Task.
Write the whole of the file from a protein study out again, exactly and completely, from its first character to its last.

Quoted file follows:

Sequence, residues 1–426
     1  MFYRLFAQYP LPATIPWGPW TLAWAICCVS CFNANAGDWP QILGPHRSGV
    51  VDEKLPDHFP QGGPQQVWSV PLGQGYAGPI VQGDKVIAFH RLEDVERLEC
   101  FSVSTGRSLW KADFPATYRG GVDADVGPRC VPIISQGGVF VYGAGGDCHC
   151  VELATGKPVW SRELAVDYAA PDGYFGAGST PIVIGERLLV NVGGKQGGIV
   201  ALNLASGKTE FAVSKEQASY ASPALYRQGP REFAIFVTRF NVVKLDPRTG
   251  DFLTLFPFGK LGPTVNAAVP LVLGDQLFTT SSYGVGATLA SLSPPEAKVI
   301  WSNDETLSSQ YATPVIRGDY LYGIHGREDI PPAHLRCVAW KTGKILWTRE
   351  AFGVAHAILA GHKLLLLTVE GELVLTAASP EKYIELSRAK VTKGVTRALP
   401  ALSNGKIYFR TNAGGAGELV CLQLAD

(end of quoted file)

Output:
Sequence, residues 1–426
     1  MFYRLFAQYP LPATIPWGPW TLAWAICCVS CFNANAGDWP QILGPHRSGV
    51  VDEKLPDHFP QGGPQQVWSV PLGQGYAGPI VQGDKVIAFH RLEDVERLEC
   101  FSVSTGRSLW KADFPATYRG GVDADVGPRC VPIISQGGVF VYGAGGDCHC
   151  VELATGKPVW SRELAVDYAA PDGYFGAGST PIVIGERLLV NVGGKQGGIV
   201  ALNLASGKTE FAVSKEQASY ASPALYRQGP REFAIFVTRF NVVKLDPRTG
   251  DFLTLFPFGK LGPTVNAAVP LVLGDQLFTT SSYGVGATLA SLSPPEAKVI
   301  WSNDETLSSQ YATPVIRGDY LYGIHGREDI PPAHLRCVAW KTGKILWTRE
   351  AFGVAHAILA GHKLLLLTVE GELVLTAASP EKYIELSRAK VTKGVTRALP
   401  ALSNGKIYFR TNAGGAGELV CLQLAD